Hib vaccine

The Hib vaccine gives protection against serious infections caused by Haemophilus influenzae type b (Hib) bacteria. 

  • In addition to respiratory tract infections, Hib causes 
  • meningitis
  • epiglottis (throat inflammation)
  • sepsis
  • pneumonia 
  • infections in joints and bones. 

Vaccine-preventable diseases

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To whom is the Hib vaccine administered?

National vaccination programme

Young children are particularly susceptible to Hib diseases. This is why the vaccine is administered to infants as part of the DTaP-IPV-Hib vaccine (5-in-1) in the children's vaccination programme, protecting them against not only Hib infections but also diphtheria, tetanus, whooping cough and polio. 

A separate Hib vaccine is offered to children aged under 5 years who have received sufficient doses of DTP and polio vaccines but do not have full protection against Hib diseases. 

Stem cell transplant recipients are the only medical special group who receive a free Hib vaccine. In their case, it is included in the primary series of vaccinations administered as the DTaP-IPV-Hib vaccine (5-in-1).

Hib vaccinations not included in the national vaccination programme

A Hib vaccine is also recommended for: 

  • splenectomy patients or those with abnormal spleen function 
  • organ transplant patients
  • patients using complement activation inhibitors, including eculizumab

The vaccines for people in these groups are paid for by either the treatment provider or the recipient. 

Which vaccine is used and what does it contain?

The trade name of the Hib vaccine product used in Finland is Act-HIB.  

  • The vaccine does not contain live pathogens.
  • The active substance is surface sugars from H. influenzae type b bacteria, which have been conjugated to a carrier protein (tetanus toxoid).
  • The excipients are trometamol (buffer), sugar, salt, acidity regulators and purified water used for injection liquids.

Dosage and schedule

The volume of a single ready-to-use vaccine dose is 0.5 ml. The vaccine can be used from the age of 3 months.

As part of the national vaccination programme, children are protected against Hib diseases by the DTaP-IPV-Hib vaccine (5-in-1) at the ages of 3, 5 and 12 months. 

If the vaccinations are delayed, observe the following schedule:

  • If the vaccinations are started when the child is under 12 months old: administer three doses in total on the schedule 0, 2 and 6 months.
  • If the vaccinations are started when the child is 12 to 17 months old: administer two doses in total on the schedule 0 and 2 months.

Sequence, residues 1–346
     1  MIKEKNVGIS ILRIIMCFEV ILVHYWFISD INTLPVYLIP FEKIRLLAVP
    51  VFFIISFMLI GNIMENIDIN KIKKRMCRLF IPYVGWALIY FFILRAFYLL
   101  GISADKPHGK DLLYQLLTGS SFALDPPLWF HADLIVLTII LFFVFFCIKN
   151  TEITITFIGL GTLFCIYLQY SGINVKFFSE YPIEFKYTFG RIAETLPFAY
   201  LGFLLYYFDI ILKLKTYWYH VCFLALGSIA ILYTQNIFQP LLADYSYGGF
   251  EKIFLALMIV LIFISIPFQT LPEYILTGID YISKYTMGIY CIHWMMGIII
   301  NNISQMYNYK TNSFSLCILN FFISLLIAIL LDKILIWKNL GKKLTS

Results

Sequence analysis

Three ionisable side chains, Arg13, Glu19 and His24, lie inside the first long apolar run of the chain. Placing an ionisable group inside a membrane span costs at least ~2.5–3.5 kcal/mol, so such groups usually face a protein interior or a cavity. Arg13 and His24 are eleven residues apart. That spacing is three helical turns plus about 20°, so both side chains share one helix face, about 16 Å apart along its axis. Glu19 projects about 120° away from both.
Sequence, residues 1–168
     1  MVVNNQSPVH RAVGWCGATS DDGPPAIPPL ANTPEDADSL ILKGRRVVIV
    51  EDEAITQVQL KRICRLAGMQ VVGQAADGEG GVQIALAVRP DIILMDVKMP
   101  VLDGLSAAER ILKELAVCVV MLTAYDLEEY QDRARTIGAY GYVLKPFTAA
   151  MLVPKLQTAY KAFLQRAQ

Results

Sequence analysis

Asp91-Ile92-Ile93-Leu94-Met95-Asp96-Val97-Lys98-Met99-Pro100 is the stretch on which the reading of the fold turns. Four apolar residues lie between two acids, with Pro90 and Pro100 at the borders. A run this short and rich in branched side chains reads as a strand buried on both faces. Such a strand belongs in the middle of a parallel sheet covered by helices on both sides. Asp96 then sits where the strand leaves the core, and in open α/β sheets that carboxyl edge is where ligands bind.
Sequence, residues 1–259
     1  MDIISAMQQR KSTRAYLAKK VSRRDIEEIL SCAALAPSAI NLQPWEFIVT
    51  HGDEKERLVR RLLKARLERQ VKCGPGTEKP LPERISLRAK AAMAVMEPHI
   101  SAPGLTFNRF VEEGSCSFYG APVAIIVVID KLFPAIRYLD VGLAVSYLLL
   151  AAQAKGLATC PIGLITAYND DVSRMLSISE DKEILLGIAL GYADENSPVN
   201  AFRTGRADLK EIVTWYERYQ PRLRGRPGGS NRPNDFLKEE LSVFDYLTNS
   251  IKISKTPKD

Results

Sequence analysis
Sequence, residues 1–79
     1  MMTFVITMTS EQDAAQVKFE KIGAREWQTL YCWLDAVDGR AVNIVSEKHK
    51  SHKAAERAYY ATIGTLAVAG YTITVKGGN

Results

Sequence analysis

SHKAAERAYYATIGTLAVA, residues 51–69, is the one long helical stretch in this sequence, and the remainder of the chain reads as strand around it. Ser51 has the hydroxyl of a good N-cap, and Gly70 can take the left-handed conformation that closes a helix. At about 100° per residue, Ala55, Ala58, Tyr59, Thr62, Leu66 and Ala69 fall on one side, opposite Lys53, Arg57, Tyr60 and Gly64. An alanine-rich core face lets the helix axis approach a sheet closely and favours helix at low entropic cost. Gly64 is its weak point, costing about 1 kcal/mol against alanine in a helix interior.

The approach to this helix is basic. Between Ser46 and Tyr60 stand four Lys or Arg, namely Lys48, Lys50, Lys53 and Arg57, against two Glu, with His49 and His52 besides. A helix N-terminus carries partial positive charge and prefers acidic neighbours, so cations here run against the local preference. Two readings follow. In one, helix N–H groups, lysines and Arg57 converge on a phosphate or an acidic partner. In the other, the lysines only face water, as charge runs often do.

• For children aged 18 months, a single dose is sufficient.
  • Children aged 5 years or older no longer need the vaccine.

What are the contraindications and precautions associated with the vaccine?

The vaccine may not be administered to a person who has had a confirmed anaphylactic reaction following a previous Hib vaccine or some of its components.

Do not administer a Hib vaccination to a child who has a fever or a febrile illness; in this case the vaccination should be postponed. 

What are the benefits of the Hib vaccine?

Since the Hib vaccine was introduced Hib diseases, mainly meningitis, sepsis and epiglottis, have been extremely rare in Finland. 

The protection is established within approx. one to two weeks after the vaccination is administered and lasts throughout the childhood years in those who have received a booster. 

In addition to infections, the vaccine also prevents pharyngeal carriage of Hib bacteria. The herd immunity thus produced also reduces infections among those who have no immunity, usually because they have not been vaccinated. 

The Hib vaccine does not afford protection against infections caused by unencapsulated strains or other than serotype b H. influenzae bacteria, or meningitis resulting from other causes. 

What are the potential adverse effects of the Hib vaccine?

A few per cent of vaccine recipients have a transient fever, mild generalised symptoms, or local symptoms. Allergic reactions and serious adverse effects are extremely rare.

Swelling in a lower limb and changes in skin colour after a vaccination

As an extremely rare adverse effect, swelling in lower limbs and changes in skin colour have been associated with Haemophilus influenzae type b Hib vaccinations. The exact mechanism causing the symptoms is unclear, but they are thought to be caused by a vasomotor response as blood vessels contract or expand. 

Hypotonic hyporesponsive episode (HHE)

HHE is a rare state similar to fainting that occurs in young children after vaccinations. The symptoms disappear without treatment, however, and the state does not have after effects.

History of the Hib vaccine in the national vaccination programme

A Hib vaccine was offered to all children born in Finland as early as in 1987. A study design was used in which children born on days with an even number were administered one product, while those born on odd days were given another. During this study period, 94% of Finnish children already opted for the vaccination.

Evidence of the excellent effectiveness of the Hib vaccine in population-wide use is thus strongly based on Finnish data sets. Since that time, the vaccine has been offered to all Finnish children, and it was officially included in the national programme in 1993.